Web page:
How Science Fiction Works Better in TV

I began watching Westworld recently to celebrate turning in my essay, and quickly got invested in it. The world, character arcs, and dynamism of the hosts intrigues me, especially as more of how the whole thing works slowly gets more developed and explained. Seeing how the show introduced its dynamics got me thinking about other sci-fi TV shows, and how they compare to movies of the same genre. The more I thought about it, the more I thought that sci-fi as a genre does much better in the realm of TV than film.

Why is that? Well, sci-fi often involves complex world/story-building when done right, and needs to be set out in a way that doesn’t seem rushed or boring. In film, there is only a two-two and a half hour span to introduce and develop the story and the world. Often times, that means there are aspects that are underdeveloped, rushed, or simply never explained. Which, when portrayed in a particular, more natural way, can work out.

Think of Mad Max: Fury Road. There wasn’t much actual explanation of the post-apocalyptic world, but there was visual representation, paired with just the right amount of explanation where the audience could understand how things worked. Of course, there were aspects left out; but the most important aspects are understood.

Now, the case of Mad Max is a case of sci-fi in films done well. More often than not, however, it takes a film multiple movies in order to explain itself and the world, sometimes dragging out stories that aren’t interesting enough or good past film 1 or 2. Or, in the case where there is only one film, the world is not explained enough, or simply isn’t interesting. Other times the story line is so bad and rushed that the world suffers as a result, too. In any sense, something is missing.

In the case of TV, however, there is a lot more to work with. Worlds can be properly flushed out and can work as an element of intrigue for the audience as it slowly unravels (in good shows, of course). Shows usually have a minimum of eight episodes to work out their world and dynamics, providing much more time and space to develop everything. The added fact that it usually comes out one episode a week even adds more to the suspense, maintaining greater interest than if it came out once every 2+ years. Sci-fi is a large and infinitely creative genre, and needs plenty of space to exist as a valid genre.

Sci-fi has had a long history in both film and movies, but is notably more prolific in TV, and much more recognizable. In the last decade particularly, sci-fi has been on the rise, after a period of falling behind fantasy. Sci-fi in TV shows also has the luxury of existing for longer, as average great shows can have as many as 9 or 10 seasons without appearing old or run-out, a heavy contrast from film. Shows can take on many more story arcs, as well, adding greater levels of complexity that otherwise couldn’t or wouldn’t exist.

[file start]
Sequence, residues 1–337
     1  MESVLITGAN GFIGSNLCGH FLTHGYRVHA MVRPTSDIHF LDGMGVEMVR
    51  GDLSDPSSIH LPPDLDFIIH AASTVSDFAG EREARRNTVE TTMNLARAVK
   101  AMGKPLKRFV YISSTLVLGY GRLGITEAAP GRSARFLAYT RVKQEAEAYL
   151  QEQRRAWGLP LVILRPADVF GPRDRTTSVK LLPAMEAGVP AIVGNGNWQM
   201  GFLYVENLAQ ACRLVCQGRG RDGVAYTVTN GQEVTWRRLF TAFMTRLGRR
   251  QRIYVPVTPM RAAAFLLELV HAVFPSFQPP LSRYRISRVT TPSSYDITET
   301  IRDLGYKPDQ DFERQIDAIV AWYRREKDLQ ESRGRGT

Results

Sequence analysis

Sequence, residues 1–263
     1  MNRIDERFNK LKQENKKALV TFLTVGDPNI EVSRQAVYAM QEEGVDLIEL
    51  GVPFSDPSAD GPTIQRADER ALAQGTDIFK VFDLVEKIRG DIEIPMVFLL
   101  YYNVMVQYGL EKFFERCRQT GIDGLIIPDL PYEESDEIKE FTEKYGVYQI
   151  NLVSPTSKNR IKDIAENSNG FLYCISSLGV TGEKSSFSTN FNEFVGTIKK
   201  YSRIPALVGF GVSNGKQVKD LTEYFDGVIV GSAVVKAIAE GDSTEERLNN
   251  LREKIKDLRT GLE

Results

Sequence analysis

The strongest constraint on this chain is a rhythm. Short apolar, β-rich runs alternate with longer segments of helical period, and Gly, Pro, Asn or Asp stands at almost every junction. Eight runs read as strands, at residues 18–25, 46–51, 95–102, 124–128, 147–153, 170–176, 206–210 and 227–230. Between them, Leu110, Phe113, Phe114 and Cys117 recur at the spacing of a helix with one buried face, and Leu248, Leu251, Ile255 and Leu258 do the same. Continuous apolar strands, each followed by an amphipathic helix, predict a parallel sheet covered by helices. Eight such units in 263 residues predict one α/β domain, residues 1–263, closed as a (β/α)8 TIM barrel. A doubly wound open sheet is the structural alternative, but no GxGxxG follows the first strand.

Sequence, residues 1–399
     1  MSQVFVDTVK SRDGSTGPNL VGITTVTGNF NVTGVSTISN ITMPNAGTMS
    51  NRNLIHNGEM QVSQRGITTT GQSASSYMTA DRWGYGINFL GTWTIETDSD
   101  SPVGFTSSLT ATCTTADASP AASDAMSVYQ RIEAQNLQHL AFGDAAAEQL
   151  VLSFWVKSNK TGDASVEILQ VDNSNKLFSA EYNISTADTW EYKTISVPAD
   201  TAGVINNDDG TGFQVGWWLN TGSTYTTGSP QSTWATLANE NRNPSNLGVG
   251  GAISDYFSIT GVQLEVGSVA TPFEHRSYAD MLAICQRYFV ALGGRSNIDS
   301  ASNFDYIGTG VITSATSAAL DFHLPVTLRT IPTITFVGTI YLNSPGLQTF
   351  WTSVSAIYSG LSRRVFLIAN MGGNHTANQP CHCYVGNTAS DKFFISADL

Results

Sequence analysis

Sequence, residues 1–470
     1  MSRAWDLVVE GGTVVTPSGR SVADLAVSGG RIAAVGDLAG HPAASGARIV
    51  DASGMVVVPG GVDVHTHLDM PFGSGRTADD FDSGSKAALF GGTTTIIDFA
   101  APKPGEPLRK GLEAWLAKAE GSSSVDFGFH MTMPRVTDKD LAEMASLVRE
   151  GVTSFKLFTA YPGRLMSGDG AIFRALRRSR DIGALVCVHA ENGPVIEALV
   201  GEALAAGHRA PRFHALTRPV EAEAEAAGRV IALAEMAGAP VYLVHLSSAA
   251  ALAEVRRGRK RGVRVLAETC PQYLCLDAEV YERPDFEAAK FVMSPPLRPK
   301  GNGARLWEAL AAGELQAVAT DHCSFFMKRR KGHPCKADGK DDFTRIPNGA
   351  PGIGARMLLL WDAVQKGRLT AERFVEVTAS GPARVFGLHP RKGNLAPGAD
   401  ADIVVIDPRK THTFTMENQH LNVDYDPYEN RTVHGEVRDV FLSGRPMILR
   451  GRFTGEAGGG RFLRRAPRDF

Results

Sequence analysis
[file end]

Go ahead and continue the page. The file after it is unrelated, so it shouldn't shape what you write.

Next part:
Sci-fi can exist in both film and television, and has phenomenal pieces in both sets of media (Star Wars, Star Trek, Stranger Things), paired alongside bad pieces. However, I tend to notice that TV overall has better sci-fi series than film, particularly in recent years, most likely as a result as the care and space provided through TV. TV has provided sci-fi a grander space, and has lent it greater popularity than film, causing the genre to have an overall better quality.

Advertisements

2 thoughts on “How Science Fiction Works Better in TV

  1. Good post!

    I can think of several movies that managed to be great scifi films all in one go, without the benefit of being part of a franchise. The writers have to be thoughtful and careful to get it right. Carelessness and laziness results in bad scifi. I find that the genre that works absolutely best in movies is the Action genre, which for me includes superhero movies.

    How do you feel that bingewatching has affected scifi? Is it better for a show to appear once a week, or to watch all the episodes back to back? And how does either of those affect the plot and characterization?

    Like

    1. I think, as with anything, it depends on the person’s situation. If you’re trying to catch up with a show, then bingewatching would be a good way to do so, albeit you might lose some of the details. If you’re caught up and/or don’t mind taking it slow, then that’s fine too. The problem is, however, is that our minds, especially when really invested, crave to have an entire season or show at our fingertips to bingewatch. It’s just the way our minds work. It likes to devour media at once, although I’d argue that taking it 1-2 episodes at a time is much better. People don’t like to wait, but I think having to wait keeps people invested and intrigued. I don’t think it entirely affects characterization: that’s entirely up to how the show is set up. But in terms of plot people will forget some things, trying to cram it all in their head at once. Maybe not immediately, but perhaps a month or two after. Unless you have photographic memory, that is.

      Liked by 1 person

Leave a Reply

Fill in your details below or click an icon to log in:

WordPress.com Logo

You are commenting using your WordPress.com account. Log Out /  Change )

Google+ photo

You are commenting using your Google+ account. Log Out /  Change )

Twitter picture

You are commenting using your Twitter account. Log Out /  Change )

Facebook photo

You are commenting using your Facebook account. Log Out /  Change )

Connecting to %s